Dear 43 Things Users,

10 years after introducing 43 Things to the world, we have decided we have met our last goal: completing the incredible experience that has been 43 Things. Please join us in giving one last cheer to all the folks who have shared their goals with the world, as well as all the people who have worked at The Robot Co-op to build this incredible website. We won a Webby Award, published a book, and brought happiness to a lot of people.

Starting today, 43 Things users can export their goals and entries from the site. Starting August 15, we will make the site “read only”. 43 Things users will still be able to view the site and export their content, but we won’t be taking any new content from users. We hope to leave the site up for folks to see and download their content until the end of the year. Ending on New Year’s Eve takes us full circle.

It has been a long ride (one of our original goals was to "build a company that lasts at least 2 years” - we beat that one!) While we wish the site could live on, it has suffered from a number of challenges - changes in how people use the site, the advertising industry, and how search engines view the site. We wish the outcome was different – but we’ve always been realistic about when our goals are met and when they aren't.

As of today, you will be able to download your goals and entries. See more about that on the FAQ page. Thanks for 10 great years of goal-setting and achieving.

- The Robots.

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FAQ

dreamcatcher is being quiet.

improve my Hebrew (read all 6 entries…)
Untitled

I’m having mixed results with the speaking but generally I feel pretty good about it. I think I’m speaking Hebrew about as much as I was last time I wrote on this subject but the scheme I was using has proved a bit impractical.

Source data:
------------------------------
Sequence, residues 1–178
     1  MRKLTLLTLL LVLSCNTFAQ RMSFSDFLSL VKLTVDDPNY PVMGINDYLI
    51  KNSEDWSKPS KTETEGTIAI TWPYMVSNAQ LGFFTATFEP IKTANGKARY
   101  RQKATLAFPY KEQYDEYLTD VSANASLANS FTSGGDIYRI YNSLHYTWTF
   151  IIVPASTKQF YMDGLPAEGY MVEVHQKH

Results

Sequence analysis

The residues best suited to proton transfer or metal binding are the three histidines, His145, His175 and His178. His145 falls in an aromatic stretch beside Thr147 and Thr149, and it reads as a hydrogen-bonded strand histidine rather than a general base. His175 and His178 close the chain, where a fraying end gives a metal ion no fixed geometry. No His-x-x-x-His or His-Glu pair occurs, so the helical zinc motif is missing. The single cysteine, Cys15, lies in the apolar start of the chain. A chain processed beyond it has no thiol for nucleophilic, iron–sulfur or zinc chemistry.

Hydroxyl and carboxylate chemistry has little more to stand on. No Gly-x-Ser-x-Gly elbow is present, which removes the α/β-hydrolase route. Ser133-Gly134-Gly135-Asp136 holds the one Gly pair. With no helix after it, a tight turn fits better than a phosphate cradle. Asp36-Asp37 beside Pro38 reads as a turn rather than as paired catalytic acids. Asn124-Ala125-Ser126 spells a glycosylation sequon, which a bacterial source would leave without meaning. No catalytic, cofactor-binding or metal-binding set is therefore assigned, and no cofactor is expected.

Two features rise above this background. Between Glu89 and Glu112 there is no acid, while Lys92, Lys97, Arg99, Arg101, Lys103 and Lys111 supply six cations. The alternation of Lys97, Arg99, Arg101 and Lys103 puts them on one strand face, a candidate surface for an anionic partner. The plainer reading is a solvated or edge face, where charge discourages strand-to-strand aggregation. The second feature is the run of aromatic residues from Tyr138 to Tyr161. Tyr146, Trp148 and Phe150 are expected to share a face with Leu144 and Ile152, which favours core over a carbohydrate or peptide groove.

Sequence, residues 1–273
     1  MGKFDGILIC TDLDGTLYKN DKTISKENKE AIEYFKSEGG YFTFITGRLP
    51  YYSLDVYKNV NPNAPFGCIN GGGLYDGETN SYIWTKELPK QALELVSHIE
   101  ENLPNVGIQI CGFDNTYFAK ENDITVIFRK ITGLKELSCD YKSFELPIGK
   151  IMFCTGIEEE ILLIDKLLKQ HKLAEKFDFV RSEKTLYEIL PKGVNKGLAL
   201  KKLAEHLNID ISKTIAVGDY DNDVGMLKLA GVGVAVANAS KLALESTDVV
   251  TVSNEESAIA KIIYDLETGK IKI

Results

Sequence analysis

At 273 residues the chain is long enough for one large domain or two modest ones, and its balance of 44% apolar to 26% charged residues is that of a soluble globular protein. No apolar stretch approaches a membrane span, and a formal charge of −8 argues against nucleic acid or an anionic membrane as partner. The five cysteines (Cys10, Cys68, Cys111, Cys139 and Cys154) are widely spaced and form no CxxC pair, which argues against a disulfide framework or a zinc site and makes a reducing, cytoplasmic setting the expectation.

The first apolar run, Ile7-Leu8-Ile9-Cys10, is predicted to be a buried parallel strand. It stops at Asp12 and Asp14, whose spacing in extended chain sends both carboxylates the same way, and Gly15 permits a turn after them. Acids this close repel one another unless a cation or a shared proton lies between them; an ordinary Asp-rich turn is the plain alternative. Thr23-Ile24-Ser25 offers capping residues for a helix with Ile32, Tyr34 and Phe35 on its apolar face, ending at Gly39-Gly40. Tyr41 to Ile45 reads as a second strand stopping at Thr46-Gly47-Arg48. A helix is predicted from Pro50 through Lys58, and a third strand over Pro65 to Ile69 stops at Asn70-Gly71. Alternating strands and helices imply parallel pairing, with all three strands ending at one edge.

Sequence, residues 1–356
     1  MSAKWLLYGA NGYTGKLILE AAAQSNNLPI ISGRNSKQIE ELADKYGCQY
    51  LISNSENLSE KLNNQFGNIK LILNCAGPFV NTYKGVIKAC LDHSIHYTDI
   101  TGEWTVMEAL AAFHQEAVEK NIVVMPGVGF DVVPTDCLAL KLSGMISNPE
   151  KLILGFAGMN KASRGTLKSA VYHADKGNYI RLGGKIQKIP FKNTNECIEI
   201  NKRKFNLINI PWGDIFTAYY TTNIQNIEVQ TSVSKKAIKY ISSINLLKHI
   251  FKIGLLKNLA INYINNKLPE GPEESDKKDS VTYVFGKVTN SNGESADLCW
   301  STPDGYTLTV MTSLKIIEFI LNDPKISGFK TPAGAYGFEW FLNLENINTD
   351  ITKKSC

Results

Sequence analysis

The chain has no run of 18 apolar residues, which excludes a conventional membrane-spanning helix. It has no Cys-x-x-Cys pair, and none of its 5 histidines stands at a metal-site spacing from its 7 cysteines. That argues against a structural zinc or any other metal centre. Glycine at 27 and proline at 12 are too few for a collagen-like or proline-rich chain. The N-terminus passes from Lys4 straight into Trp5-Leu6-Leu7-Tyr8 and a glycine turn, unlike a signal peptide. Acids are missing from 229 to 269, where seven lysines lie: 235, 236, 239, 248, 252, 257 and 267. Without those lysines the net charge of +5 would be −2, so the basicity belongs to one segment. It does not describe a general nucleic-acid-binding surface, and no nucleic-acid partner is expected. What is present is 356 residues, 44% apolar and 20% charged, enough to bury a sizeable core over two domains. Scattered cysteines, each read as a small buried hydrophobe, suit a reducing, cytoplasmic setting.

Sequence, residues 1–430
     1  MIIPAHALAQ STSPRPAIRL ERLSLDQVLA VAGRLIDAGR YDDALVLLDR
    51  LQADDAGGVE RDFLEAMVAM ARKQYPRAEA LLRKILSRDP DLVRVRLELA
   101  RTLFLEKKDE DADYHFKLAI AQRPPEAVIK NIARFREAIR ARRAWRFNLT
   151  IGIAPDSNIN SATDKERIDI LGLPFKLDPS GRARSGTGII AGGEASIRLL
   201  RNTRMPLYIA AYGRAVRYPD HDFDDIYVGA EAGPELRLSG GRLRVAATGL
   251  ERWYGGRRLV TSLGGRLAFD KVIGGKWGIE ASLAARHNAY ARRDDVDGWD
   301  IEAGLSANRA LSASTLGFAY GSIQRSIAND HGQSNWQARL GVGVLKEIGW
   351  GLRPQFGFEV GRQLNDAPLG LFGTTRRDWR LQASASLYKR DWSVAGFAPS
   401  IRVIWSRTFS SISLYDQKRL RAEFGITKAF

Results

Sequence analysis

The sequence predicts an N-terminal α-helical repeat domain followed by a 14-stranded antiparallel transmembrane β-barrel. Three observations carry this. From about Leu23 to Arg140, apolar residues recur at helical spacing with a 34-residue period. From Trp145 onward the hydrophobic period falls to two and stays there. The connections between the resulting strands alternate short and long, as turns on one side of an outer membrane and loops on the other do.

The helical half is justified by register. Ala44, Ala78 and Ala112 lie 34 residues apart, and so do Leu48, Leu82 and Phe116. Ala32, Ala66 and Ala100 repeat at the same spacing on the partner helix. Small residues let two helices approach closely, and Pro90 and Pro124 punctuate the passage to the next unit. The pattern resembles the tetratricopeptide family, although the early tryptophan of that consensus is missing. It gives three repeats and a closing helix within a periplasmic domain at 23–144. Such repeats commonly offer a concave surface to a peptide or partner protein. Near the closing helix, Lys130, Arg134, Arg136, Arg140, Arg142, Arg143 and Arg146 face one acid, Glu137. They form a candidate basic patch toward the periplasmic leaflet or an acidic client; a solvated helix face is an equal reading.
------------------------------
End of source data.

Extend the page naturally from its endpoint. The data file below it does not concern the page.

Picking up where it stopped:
Often I spend my mornings alone so the whole ‘speaking Hebrew in the mornings’ thing became a bit of a cop-out. Also, some people insist on speaking to me in English so it feels weird to speak to them in Hebrew. On the other hand, I’m speaking at least as much Hebrew with my boyfriend as I was before and only Hebrew with his family, who we see regularly. There are also a good few people who only speak to me in Hebrew so that’s great. I want to work out a reward system for myself, though, to give me more incentive to try even harder. I know I’m still not pushing myself hard enough.

At the moment the reading/writing/listening is happening about twice a month but I have started making a point of learning at least one new piece of vocab per day, usually easy words that I feel embarrassed about not knowing. Recent ones have been the words for ‘toy’, ‘concentrate’ and ‘smile’. Jeez. I know, it’s pretty lame that I’ve lived in Israel four years and only just learned the word for ‘smile’. Well, at least I know it now, right?



Comments:

Katherine is checking my newly-updated list. Time to tackle a few of these.

So

do you speak English in Israel? Is it commonly spoken?

dreamcatcher is being quiet.

If you’re a native English speaker you can manage fine not knowing a word of Hebrew. Many people do. Israelis learn English at school and have to have a reasonable level of English in order to attend university, no matter what subject they study, so most Israelis speak some English. Many of them speak excellent English. I’ve found that as soon as someone realizes I’m a native English speaker they just can’t wait to practise their English with me. Which means I have to really insist if I want to speak Hebrew with them.

Offering help

If you want to talk to me on the phone, you’re invited. Write me at:
varditfabran@gmail.com
Write the subject so I know it’s you, I don’t know your name (yet)... :)


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